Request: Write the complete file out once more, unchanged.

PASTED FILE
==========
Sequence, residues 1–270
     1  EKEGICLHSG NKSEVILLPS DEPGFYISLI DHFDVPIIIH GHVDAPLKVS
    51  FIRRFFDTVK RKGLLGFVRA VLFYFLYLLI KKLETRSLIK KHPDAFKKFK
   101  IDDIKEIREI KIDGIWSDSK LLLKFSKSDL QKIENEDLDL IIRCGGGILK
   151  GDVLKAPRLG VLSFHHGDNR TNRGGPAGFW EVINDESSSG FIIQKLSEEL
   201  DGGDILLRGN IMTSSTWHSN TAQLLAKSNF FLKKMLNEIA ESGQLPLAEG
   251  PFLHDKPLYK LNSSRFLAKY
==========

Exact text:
Sequence, residues 1–270
     1  EKEGICLHSG NKSEVILLPS DEPGFYISLI DHFDVPIIIH GHVDAPLKVS
    51  FIRRFFDTVK RKGLLGFVRA VLFYFLYLLI KKLETRSLIK KHPDAFKKFK
   101  IDDIKEIREI KIDGIWSDSK LLLKFSKSDL QKIENEDLDL IIRCGGGILK
   151  GDVLKAPRLG VLSFHHGDNR TNRGGPAGFW EVINDESSSG FIIQKLSEEL
   201  DGGDILLRGN IMTSSTWHSN TAQLLAKSNF FLKKMLNEIA ESGQLPLAEG
   251  PFLHDKPLYK LNSSRFLAKY